Chinese investors are calling it a “dammed lake” (yanse hu 堰塞湖), the 800-plus Chinese businesses awaiting approval to list on mainland exchanges. The glut owes more to a recent moratorium on IPOs than it does to an out-of-the-blue need for capital among Chinese businesses. But the rising tide of fund-hungry companies encapsulates some of the biggest problems facing the Chinese market at present—among them, the chronic anemia of Chinese stock market performance, as well as volatile share prices.
Perhaps most of all, though, the dammed lake reveals the Chinese government’s opaque and usually ineffectual management of capital markets. The regulator, known as the China Securities Regulatory Commission (CSRC), decides which companies get to list, and when. Its calculus is more than strictly administrative, though, as it is known to use its approval discretion to influence market trends. Its favorite method is to tweak supply and demand through on-and-off-again bans on new listings.
But it’s a method that often backfires. In 2006 the CSRC lifted an almost year-long ban on IPOs. Fearing that the new offerings would drain money from existing stocks, investors sold off en masse, sending the market into its biggest slump in four years. In June 2009, the regulator faced the opposite problem: a market overheated by the considerable chunk of the ¥5.8 trillion ($586 billion) government stimulus that had flowed into A-shares, as Chinese stocks are known. After a nine-month hiatus, the CSRC lifted the IPO ban in hopes of soaking up some of the excess. But new offerings whipped up still more froth, as companies like Sichuan Expressway saw their shares rise 300% on opening day.
That brings us to the present day. In November, the benchmark Shanghai Composite Index fell below 2,000 points, tumbling to its lowest point since January 2009. Despite a recent rebound, China’s stock market stands out as one of the worst performers in the world in 2012, even as China’s economy remains one of its brightest. In an effort to avoid thinning out supply, the CSRC has alternated between being stingy with its approvals and banning IPOs outright.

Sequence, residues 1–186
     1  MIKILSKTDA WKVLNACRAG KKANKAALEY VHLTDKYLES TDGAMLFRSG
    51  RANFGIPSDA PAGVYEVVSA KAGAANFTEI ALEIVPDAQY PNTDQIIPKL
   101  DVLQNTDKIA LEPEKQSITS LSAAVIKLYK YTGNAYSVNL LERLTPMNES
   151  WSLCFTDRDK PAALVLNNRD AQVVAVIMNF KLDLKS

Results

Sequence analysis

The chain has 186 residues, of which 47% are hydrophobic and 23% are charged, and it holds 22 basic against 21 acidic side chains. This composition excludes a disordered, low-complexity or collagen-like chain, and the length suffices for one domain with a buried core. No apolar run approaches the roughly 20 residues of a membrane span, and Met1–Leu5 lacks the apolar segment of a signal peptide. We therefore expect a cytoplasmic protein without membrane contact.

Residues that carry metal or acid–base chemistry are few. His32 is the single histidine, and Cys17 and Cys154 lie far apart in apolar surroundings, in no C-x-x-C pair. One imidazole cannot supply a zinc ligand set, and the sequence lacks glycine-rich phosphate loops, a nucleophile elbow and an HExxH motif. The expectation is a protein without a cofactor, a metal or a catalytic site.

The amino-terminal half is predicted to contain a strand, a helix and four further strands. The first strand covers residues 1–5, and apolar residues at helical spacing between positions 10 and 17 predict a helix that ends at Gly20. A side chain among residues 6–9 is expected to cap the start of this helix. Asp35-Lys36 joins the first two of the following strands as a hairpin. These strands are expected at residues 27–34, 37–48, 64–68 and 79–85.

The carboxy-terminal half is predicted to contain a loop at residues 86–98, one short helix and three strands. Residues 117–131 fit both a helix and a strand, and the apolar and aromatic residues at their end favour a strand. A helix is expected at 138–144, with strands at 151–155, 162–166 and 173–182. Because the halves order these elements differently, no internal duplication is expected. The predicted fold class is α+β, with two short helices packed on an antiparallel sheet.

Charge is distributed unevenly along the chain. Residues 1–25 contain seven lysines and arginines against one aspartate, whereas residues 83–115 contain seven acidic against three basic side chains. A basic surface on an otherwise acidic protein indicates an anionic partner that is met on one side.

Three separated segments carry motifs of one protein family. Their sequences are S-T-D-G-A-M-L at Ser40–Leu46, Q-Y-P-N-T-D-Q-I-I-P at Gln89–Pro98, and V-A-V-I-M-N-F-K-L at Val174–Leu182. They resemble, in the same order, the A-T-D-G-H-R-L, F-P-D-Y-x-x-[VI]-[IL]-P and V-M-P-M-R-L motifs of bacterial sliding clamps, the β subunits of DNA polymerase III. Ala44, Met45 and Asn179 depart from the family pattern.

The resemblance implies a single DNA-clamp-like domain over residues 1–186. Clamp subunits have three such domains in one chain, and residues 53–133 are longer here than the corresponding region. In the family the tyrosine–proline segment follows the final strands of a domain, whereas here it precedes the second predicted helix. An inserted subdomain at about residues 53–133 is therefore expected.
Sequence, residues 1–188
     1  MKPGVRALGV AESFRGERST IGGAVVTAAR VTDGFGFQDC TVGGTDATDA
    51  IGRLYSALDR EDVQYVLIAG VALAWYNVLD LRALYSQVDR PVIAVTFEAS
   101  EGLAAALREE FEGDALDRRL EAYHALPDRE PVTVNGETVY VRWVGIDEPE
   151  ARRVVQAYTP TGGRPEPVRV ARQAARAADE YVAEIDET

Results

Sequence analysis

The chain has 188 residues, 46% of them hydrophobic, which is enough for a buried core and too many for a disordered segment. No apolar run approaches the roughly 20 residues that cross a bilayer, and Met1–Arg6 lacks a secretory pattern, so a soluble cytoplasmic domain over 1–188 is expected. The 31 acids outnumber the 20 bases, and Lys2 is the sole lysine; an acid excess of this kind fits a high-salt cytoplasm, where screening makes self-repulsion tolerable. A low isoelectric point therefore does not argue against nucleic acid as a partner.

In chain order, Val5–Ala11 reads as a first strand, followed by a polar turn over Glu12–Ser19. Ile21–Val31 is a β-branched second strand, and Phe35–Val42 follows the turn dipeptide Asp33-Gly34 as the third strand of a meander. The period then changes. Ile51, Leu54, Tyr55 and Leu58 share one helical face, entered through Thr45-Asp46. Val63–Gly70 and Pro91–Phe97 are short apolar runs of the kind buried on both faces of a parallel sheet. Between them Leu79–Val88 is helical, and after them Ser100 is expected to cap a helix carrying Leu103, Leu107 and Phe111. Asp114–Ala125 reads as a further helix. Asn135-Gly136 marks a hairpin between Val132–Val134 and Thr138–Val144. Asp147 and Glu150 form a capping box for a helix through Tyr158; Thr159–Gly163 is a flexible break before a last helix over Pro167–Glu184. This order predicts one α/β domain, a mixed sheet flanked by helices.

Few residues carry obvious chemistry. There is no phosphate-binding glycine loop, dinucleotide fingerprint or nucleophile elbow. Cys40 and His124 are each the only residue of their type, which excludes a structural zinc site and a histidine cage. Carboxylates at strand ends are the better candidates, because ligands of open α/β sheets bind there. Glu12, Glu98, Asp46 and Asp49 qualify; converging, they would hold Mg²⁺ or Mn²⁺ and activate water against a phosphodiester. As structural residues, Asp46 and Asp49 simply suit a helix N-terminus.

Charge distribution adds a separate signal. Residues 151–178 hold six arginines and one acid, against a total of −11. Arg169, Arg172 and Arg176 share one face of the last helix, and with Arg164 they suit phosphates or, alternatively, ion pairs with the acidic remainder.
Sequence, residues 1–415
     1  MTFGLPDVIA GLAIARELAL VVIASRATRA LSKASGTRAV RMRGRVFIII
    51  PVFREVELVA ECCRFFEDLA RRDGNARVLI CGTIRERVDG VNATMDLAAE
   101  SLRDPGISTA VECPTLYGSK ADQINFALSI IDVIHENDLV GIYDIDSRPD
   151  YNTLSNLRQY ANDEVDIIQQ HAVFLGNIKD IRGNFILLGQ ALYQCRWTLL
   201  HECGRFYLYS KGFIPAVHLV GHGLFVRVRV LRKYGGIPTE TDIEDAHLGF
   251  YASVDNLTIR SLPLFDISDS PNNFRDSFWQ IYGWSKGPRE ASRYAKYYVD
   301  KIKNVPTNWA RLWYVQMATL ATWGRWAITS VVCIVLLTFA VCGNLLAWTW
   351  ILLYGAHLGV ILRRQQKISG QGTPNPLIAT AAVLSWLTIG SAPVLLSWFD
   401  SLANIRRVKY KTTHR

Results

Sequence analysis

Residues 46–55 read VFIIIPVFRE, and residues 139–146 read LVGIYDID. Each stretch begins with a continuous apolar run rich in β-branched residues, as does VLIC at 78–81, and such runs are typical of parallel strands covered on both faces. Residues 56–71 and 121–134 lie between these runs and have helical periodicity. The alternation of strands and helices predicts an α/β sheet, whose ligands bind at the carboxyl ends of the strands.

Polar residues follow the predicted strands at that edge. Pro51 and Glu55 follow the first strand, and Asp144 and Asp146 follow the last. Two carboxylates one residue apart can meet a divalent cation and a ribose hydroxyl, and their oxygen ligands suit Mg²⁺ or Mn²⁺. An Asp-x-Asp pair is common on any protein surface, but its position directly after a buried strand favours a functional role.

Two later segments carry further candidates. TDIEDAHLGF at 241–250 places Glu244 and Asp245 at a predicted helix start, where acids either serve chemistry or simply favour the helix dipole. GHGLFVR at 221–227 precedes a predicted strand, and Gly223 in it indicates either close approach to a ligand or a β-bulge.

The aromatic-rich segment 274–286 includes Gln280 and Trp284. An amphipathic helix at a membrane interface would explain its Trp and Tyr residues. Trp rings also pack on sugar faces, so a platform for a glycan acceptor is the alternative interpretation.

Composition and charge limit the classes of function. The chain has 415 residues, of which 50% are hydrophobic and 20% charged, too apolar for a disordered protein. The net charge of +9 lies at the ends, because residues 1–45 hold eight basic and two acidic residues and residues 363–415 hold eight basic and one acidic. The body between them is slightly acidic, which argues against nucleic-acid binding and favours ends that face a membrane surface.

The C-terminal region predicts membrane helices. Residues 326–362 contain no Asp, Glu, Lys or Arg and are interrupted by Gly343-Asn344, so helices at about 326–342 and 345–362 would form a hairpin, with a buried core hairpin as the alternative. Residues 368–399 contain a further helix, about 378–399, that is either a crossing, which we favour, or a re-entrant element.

That should change soon: investors and analysts expect the regulator to unstop the IPO pipeline come February (paywall), around the time of the 2013 Lunar New Year. But analysts say the market now is still so bearish that new equity will only exacerbate negative sentiment. The market has recovered its losses for the year, but enthusiasm for IPOs is still low. Chinese companies have raised ¥103.4 billion on domestic exchanges in the first ten months of this year, less than half of what was raised in 2011, according to CSRC data. To help companies, regulators have loosened requirements to list overseas and are encouraging companies to trade on over-the counter equity markets as well as sell bonds.
The longer-term worry, though, is whether the Chinese government will reform its IPO approval system to allow for more transparency and more reliable investor returns. Probably not, say analysts, pointing to corruption that permeates the system. ”It doesn’t seem likely that the regulator could successfully reform the IPO system,” says Haitong Securities analyst Zhang Qi. “The market has long been a place for companies to raise funds while investors lose money.”
But the CSRC, which has pledged for years to remake China’s IPO system, may at least enact some valuable changes. Regulators say they are serious (audio interview from state-controlled outlet China Radio International) about protecting the country’s millions of retail investors, who have few options when it comes to investment destinations, by pricing IPOs accurately. The CSRC was previously accused of allowing companies to issue shares at artificially low levels. More recently, investors have lost money on overpriced shares by new issuers that then drop off dramatically after trading begins, a trend made worse by the rules concerning the “lock-up period” for IPO subscribers, which overwhelmingly favor the well-connected. China is reportedly considering a warrant system that would protect investors from losing too much.
All this signals that the regulator at least knows what the looming problems are. But whether that’s enough to offset the structural problems with China’s capital markets is another question entirely.